Skip to:

Engaging community college faculty


Gary Mukai, Tania Beliz, Michele Titus, and Jonas Edman at the EPIC Fellows Symposium.
Photo credit: 
Molly Aufdermauer

For four decades since 1976, the SPICE staff has worked with many centers of Stanford Global Studies (SGS)—including the Center for Russian, East European, and Eurasian Studies, Center for East Asian Studies, Center for Latin American Studies, and Center for African Studies—on innovative educational outreach efforts. The 2015–16 academic year was no exception.

During 2015–16, SGS’s Education Partnership for Internationalizing Curriculum (EPIC) Fellowship Program supported nine community college faculty from Foothill College and the College of San Mateo. The inaugural cohort of EPIC Fellows collaborated with SGS, Lacuna, and SPICE on projects aimed at internationalizing course curricula and producing innovative curricular materials for use in community college classrooms.

SPICE's Jonas Edman worked with two EPIC Fellows, Michele Titus and Tania Beliz from the College of San Mateo. As EPIC Fellows, Titus and Beliz received stipends and access to Stanford Library resources. In addition to producing the projects, they participated in monthly meetings, served as liaisons to their college, presented their work at their college, and shared their projects at the EPIC Fellows Symposium, which was held on May 14, 2016. In addition, the EPIC Fellows were invited to attend half-day seminars that featured talks by Francis Fukuyama (governance), Walter Falcon (food security), and Gordon Chang (U.S.–China relations) and curriculum demonstrations on all three topics by Edman.

The EPIC Fellows Symposium, which featured presentations by the nine EPIC Fellows, was attended by over 50 California community college instructors from as far north as Shasta College in Redding to Santa Ana College and Santa Monica College in southern California. The presentations by Beliz and Titus during the Symposium stimulated a robust discussion.

Beliz focused her EPIC project on integrating the latest research on biodiversity and food production into her biology classes. Her work in utilizing technology to infuse international perspectives on this research into her classes inspired community college instructors to take a close look at the syllabus of one of her courses. In reviewing her syllabus, she explained that since the College of San Mateo enrolls significant numbers of students of Filipino descent, she was prompted to integrate a lecture on research on biodiversity from a scholar from the Philippines in her curriculum. Reflecting upon her experience as an EPIC Fellow, Beliz noted, “There are different and varied ways, and different depths of internationalizing curriculum. It depends on our course objectives, our vision of the message we want to impart to our students, and our own experiences in the international community… EPIC made the internationalizing of my biology classes possible in providing a platform for the project to take shape and be implemented.”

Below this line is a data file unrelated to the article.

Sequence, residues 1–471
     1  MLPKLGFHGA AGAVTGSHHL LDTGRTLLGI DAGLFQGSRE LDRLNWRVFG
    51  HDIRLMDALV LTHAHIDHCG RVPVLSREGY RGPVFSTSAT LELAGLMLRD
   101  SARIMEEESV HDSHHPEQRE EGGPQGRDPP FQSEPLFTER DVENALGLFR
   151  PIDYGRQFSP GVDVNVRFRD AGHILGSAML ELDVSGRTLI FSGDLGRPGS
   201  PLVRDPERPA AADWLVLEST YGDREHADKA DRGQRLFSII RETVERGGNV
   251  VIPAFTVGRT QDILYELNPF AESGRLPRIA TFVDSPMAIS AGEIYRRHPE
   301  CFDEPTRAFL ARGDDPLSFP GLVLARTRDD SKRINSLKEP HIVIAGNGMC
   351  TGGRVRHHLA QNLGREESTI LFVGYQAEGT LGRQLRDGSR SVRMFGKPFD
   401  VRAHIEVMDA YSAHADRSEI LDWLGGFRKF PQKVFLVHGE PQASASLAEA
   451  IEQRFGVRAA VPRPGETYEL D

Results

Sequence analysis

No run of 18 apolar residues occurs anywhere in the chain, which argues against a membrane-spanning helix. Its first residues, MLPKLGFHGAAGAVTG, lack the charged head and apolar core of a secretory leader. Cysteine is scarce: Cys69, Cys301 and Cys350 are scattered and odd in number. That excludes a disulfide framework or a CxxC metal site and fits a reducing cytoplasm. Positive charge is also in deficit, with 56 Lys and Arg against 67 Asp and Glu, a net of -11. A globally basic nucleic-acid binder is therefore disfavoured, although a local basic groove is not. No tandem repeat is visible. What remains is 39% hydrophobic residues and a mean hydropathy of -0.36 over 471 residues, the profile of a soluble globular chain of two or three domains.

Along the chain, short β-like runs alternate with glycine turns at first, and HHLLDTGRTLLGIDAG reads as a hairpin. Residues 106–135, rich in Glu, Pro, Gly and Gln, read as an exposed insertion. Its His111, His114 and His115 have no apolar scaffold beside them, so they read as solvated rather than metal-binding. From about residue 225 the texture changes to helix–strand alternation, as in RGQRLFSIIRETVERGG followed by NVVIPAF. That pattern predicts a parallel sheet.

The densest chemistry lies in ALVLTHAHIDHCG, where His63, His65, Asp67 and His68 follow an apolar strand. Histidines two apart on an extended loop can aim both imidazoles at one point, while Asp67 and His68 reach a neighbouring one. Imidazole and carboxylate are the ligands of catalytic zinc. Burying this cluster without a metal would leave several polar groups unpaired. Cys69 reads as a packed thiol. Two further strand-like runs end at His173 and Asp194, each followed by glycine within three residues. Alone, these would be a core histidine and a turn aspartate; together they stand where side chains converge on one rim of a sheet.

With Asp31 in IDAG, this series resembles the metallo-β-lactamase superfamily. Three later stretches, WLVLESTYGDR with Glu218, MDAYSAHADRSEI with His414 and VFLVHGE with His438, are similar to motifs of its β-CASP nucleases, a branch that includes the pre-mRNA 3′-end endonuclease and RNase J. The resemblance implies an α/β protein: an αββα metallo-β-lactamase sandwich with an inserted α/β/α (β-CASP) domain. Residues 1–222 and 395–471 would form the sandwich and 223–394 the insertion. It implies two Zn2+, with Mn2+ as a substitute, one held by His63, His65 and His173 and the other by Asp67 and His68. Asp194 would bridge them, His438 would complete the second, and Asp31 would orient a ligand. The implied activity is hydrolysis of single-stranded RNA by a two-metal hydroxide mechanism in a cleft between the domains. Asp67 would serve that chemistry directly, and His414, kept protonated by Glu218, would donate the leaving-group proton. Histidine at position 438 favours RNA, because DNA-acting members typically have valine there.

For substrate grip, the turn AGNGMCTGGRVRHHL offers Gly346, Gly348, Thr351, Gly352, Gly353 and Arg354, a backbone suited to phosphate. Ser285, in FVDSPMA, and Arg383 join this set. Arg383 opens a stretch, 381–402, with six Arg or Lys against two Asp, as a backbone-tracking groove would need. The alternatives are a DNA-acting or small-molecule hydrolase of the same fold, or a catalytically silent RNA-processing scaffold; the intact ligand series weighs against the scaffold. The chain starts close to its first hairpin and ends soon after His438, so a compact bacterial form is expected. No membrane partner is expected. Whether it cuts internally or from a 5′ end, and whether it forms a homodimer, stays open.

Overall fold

Titus’ participation in the EPIC Fellowship Program provided her with the opportunity to internationalize and revitalize the curriculum for her cultural and physical anthropology courses. Specifically, “ethnicity of diet” was investigated cross-culturally and internationally, with a special emphasis on the Tongan and Tongan-American student population at College of San Mateo. Her work with a very diverse student body prompted questions from community college instructors on topics such as culturally sensitive curriculum and culturally relevant pedagogy. Titus noted, “The EPIC Symposium was a showcase of faculty presentations that reflected the evolution of courses to broader, more global perspectives. It was a great opportunity to share my own project and to enjoy feedback from others.”

Titus, Beliz, and other EPIC Fellows appreciated the importance placed upon active and collective participation in the EPIC Fellowship Program. This may have contributed to the steady growth since fall 2015 of a community of learners comprised of the EPIC Fellows and SGS, Lacuna, and SPICE. Beliz commented, “I found our exchange of ideas thought-provoking, and after every conversation I was able to come up with more ideas about possible paths to follow. It helped that I was teaching a summer class, so after our conversations I could implement one or two of our ideas.” Titus noted, “I worked most closely with Tania Beliz… but also interacted regularly at seminars with the other faculty from the colleges and university. The Stanford group was supportive and inspiring, helping me shape my ideas into something meaningful for students.”

Most of SPICE’s work with SGS over the past 40 years has focused on elementary and secondary schools. The 2015–16 collaboration with SGS on the EPIC Fellows Program and the 2011–14 focus on the promotion of human rights education at community colleges (Stanford Human Rights Education Initiative or SHREI) have helped SPICE to expand its reach to community colleges throughout California. The EPIC Fellowship Program and SHREI could serve as models for other research universities in the United States that are recipients of U.S. Department of Education Title VI grants. To receive news about the EPIC Fellows Program, please visit SGS’s “Community Engagement” webpage.